• It also takes oodles of batteries to back up intermittent solar and wind so that everything keeps running uninterrupted … [and, to make matters worse] … There is also replacement … [he reminds us that] … The panelsturbines and batteries wear out after 10 to 20 years, and the metals, chemicals and toxic materials required to make them must be constantly mined, manufactured and disposed of in landfills. Coupled with some carbon dioxide emissions associated with those processes, solar and wind are neither renewable nor clean.

And, Professor Tinker adds: “To add to it, contrary to popular spin, solar and wind are not cheaper than coal or natural gas. The reported lower cost is misleading because it represents the cost of electricity at the generation source, the so-called levelized cost of electricity (LCOE), not the actual cost to the consumer. Intermittent solar and wind require almost 100 percent redundant and expensive backup power from natural gas plants or batteries to be reliable, which makes them more expensive to the consumer. That is partly why people in California and Germany pay much more for electricity. This higher cost is both regressive and inequitable to lower-income people.” I understand that some of that ~ levelized costs ~ is economic jargon but his conclusion, that “This higher cost is both regressive and inequitable to lower-income people,” ought to ring some alarm bells with progressive voters and with fair-minded people of all political stripes.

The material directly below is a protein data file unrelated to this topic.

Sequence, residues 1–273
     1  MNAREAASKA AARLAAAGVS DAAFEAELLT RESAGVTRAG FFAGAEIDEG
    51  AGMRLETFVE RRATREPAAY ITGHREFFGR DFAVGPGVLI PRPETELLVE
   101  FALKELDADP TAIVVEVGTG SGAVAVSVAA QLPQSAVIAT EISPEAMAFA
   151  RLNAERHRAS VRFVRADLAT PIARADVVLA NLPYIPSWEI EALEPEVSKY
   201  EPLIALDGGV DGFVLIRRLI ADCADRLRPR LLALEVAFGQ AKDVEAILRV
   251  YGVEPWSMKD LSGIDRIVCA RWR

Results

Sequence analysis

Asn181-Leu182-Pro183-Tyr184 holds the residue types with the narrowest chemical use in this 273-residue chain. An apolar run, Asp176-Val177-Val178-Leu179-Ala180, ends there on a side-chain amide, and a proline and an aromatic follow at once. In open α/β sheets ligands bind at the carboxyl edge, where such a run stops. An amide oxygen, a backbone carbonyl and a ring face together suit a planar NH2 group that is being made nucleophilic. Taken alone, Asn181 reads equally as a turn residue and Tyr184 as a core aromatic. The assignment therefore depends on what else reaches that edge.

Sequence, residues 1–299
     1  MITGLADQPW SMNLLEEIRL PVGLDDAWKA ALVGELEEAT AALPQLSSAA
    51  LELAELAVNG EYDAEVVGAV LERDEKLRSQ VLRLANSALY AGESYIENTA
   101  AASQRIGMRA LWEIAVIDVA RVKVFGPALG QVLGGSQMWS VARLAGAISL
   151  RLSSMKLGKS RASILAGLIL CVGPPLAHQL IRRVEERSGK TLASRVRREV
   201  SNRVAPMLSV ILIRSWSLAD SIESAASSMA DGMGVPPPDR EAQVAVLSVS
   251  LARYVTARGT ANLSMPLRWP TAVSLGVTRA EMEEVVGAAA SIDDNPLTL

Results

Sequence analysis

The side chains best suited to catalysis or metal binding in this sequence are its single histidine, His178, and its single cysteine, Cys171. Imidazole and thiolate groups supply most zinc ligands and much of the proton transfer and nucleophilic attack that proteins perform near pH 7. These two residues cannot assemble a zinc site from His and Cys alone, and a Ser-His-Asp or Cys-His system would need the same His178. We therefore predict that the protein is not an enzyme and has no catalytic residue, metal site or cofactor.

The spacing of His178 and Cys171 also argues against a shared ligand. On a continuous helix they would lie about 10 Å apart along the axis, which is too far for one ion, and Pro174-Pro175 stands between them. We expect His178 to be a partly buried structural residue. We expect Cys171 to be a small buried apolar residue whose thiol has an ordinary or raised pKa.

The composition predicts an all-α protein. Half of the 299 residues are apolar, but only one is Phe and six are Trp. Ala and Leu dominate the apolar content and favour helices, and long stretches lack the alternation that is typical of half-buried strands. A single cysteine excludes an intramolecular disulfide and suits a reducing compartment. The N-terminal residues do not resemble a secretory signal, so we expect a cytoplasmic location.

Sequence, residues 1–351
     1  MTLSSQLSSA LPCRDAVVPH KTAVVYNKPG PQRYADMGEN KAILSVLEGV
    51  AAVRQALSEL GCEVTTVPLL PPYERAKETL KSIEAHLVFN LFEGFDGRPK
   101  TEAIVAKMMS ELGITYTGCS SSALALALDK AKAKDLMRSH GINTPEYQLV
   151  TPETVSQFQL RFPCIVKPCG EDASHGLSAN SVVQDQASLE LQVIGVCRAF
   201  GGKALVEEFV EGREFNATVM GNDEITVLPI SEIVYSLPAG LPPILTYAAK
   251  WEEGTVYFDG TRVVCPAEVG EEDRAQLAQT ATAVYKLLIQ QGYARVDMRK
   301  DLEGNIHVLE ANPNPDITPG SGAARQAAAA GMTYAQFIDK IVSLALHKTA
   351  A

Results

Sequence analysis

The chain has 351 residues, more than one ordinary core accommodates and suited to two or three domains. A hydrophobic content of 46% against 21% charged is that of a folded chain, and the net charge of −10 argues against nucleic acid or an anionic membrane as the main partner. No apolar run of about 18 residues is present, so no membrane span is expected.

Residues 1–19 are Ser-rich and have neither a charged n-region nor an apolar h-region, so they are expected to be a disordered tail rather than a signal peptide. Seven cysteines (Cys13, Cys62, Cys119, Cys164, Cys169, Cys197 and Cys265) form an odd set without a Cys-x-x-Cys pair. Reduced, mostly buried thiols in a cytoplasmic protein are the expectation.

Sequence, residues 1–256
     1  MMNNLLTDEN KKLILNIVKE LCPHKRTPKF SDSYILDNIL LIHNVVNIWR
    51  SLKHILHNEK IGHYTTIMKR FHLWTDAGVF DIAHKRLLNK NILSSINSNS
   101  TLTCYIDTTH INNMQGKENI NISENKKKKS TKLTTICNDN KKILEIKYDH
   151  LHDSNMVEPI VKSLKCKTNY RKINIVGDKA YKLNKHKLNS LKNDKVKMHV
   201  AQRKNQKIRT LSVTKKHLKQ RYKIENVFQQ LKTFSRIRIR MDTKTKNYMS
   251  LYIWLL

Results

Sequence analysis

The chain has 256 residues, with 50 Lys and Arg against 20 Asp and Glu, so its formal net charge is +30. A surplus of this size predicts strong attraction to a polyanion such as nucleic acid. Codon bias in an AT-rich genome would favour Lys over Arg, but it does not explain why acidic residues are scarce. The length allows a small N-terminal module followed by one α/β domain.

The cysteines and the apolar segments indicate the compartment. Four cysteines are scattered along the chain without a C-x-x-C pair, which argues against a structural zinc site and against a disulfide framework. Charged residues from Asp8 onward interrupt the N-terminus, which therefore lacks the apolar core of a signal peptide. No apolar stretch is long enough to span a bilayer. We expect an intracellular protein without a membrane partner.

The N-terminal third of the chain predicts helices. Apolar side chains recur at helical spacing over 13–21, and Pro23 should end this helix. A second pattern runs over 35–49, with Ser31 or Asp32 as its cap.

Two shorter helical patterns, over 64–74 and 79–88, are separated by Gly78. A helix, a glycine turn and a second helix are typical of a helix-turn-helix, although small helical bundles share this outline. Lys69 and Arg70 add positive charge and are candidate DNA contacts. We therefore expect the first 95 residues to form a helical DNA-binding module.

Scott Tinker concludes, and I agree, that: “Wind, solar and batteries have a significant role to play … [to that degree Greta Thunberg and Justin Trudeau and Annamie Paul are correct] … but it’s time to stop pretending that they can provide all the benefits of coal and oil, with none of the negative effects. The Biden administration, as a proponent of science, has a chance to represent the complex social, legal, political, economic and, yes, scientific challenges of energy … [and he says] … To “go green,” we must “go honest” so that we can address and solve the real energy challenges before us.

This is the big green energy problem is Canada: it rests on a dishonest base.

Yes, we can have more and more and more relatively expensive and not-so-clean and green energy from wind and solar ~ even in the North. But we must be honest and recognize that until we have a truly massive reinvestment in nuclear power, all across Canada, from coast to coast to coast, we will be dependent on petroleum to power our electric cars and bicycles.

An honest Canadian green energy policy must recognize the critical importance of getting Canadian oil and gas to Canadian homes and autos for a generation or more, until we can commission enough nuclear plants, large and small, to meet our electricity needs. But, honesty is the last thing most of us expect from the Trudeau Liberals, isn’t it?

Published by Ted Campbell

Old, retired Canadian soldier, Conservative ~ socially moderate, but a fiscal hawk. A husband, father and grandfather. Published material is posted under the "Fair Dealing" provisions (§29) of the Copyright Act for the purposes of research, private study and education.